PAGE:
The agreement includes neither an explicit recognition of the State of Israel nor an explicit commitment to honor the agreements signed by the PLO. Moreover, the wording of the agreement and the letter of appointment of the new prime minister do not contain a clear condemnation of terror. It is thus easy to claim that the agreement does not satisfy the prerequisites defined by the international community and, as such, there is no need to recognize the new government or engage it. In addition, based on that logic, action should be taken to prevent the lifting of the international siege on the Palestinian Authority (PA). On the other hand, the expression “to respect legitimate Arab and international resolutions and agreements signed by the PLO” indirectly accommodates the three demands. This wording can be interpreted as constituting a start toward compliance with the three demands. Moreover, placing the agreement in its wider context and examining the internal processes in Palestinian society in recent years may indicate a number of considerable advantages that can ensue from the creation of a national unity government:

1. Reinforcing the ceasefire and distancing Hamas further from the cycle of armed struggle. Since the declaration of the tahdiya (“relaxation”) in 2005, the volume of Hamas’ terror activities has declined significantly. Israeli efforts to foil terror activity have certainly contributed to this, but an internal decision by the heads of the movement is no less responsible. In this regard Hamas’ foreign leadership plays an important role as it seems that it controls the movement’s operational mechanism in the territories. [6] The formation of a national unity government may reinforce the current ceasefire and push Hamas (even if not officially) out of the cycle of armed struggle to embrace the consensus on the need for a political solution with Israel.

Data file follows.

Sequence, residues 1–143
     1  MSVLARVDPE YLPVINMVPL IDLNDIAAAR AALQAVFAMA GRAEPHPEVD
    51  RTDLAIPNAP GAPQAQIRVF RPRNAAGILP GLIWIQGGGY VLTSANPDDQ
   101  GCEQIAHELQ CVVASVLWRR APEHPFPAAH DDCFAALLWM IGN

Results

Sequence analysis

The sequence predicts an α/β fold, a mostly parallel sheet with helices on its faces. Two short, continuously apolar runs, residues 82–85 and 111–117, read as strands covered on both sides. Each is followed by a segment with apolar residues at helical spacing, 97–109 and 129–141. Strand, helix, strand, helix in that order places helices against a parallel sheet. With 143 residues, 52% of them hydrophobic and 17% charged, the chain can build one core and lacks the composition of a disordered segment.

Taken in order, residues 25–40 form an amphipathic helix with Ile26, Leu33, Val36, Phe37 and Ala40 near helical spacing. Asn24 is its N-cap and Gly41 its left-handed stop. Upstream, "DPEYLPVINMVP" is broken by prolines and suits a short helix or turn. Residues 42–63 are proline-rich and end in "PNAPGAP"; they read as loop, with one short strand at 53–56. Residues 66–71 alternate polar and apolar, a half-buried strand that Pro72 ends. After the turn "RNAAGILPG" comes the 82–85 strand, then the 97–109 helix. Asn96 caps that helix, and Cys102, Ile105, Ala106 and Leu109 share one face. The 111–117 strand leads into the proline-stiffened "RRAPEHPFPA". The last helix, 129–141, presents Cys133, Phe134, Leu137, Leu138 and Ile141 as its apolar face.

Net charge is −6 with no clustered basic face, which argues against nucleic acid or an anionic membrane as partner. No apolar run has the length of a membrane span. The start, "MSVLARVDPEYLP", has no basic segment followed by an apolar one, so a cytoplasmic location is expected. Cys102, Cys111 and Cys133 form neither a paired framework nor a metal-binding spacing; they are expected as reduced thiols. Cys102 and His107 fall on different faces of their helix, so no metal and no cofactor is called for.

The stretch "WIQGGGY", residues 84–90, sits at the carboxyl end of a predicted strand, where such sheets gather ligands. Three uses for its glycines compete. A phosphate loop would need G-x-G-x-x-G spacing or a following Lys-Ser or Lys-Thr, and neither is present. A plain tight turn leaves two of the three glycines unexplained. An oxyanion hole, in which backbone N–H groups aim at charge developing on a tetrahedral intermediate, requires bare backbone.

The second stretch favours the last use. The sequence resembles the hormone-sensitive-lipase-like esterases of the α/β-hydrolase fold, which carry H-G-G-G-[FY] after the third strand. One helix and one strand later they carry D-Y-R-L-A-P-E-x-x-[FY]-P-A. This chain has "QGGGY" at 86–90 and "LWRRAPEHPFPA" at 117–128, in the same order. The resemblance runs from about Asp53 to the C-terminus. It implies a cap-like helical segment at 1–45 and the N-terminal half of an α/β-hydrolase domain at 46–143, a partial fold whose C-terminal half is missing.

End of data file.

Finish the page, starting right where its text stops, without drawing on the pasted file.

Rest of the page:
2. A chance of blocking or at least slowing down Hamas’ assuming control of government bureaucracy (civil and defense) and turning it into another powerbase for the movement. Since the Hamas government was sworn in (March 2006) Hamas has gradually taken over public administration in the Palestinian Authority. Hamas’ waiving of important ministerial positions – foreign affairs, interior, and, in particular, finance – may very well stop the entire bureaucratic system from becoming a power center for the Islamic movement in the territories. This complements a halt to the development of Hamas’ “operational force” – the government militia that the movement established within the Ministry of the Interior.